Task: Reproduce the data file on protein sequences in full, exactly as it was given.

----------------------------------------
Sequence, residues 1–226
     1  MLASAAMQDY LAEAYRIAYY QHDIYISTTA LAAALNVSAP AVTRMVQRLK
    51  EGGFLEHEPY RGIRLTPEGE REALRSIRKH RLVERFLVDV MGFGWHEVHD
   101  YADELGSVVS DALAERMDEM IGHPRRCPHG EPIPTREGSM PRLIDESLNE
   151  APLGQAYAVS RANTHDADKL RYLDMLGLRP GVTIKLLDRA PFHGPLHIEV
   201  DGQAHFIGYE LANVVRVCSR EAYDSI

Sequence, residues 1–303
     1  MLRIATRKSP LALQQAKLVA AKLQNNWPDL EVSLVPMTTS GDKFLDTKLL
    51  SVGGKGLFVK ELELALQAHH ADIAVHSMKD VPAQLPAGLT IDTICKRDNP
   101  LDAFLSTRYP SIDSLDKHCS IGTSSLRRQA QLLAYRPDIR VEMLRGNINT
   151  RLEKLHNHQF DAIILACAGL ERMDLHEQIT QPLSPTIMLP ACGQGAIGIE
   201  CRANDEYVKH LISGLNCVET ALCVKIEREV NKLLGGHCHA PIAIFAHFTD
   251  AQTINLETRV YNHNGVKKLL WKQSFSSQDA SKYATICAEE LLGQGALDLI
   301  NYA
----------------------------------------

Sequence, residues 1–226
     1  MLASAAMQDY LAEAYRIAYY QHDIYISTTA LAAALNVSAP AVTRMVQRLK
    51  EGGFLEHEPY RGIRLTPEGE REALRSIRKH RLVERFLVDV MGFGWHEVHD
   101  YADELGSVVS DALAERMDEM IGHPRRCPHG EPIPTREGSM PRLIDESLNE
   151  APLGQAYAVS RANTHDADKL RYLDMLGLRP GVTIKLLDRA PFHGPLHIEV
   201  DGQAHFIGYE LANVVRVCSR EAYDSI

Sequence, residues 1–303
     1  MLRIATRKSP LALQQAKLVA AKLQNNWPDL EVSLVPMTTS GDKFLDTKLL
    51  SVGGKGLFVK ELELALQAHH ADIAVHSMKD VPAQLPAGLT IDTICKRDNP
   101  LDAFLSTRYP SIDSLDKHCS IGTSSLRRQA QLLAYRPDIR VEMLRGNINT
   151  RLEKLHNHQF DAIILACAGL ERMDLHEQIT QPLSPTIMLP ACGQGAIGIE
   201  CRANDEYVKH LISGLNCVET ALCVKIEREV NKLLGGHCHA PIAIFAHFTD
   251  AQTINLETRV YNHNGVKKLL WKQSFSSQDA SKYATICAEE LLGQGALDLI
   301  NYA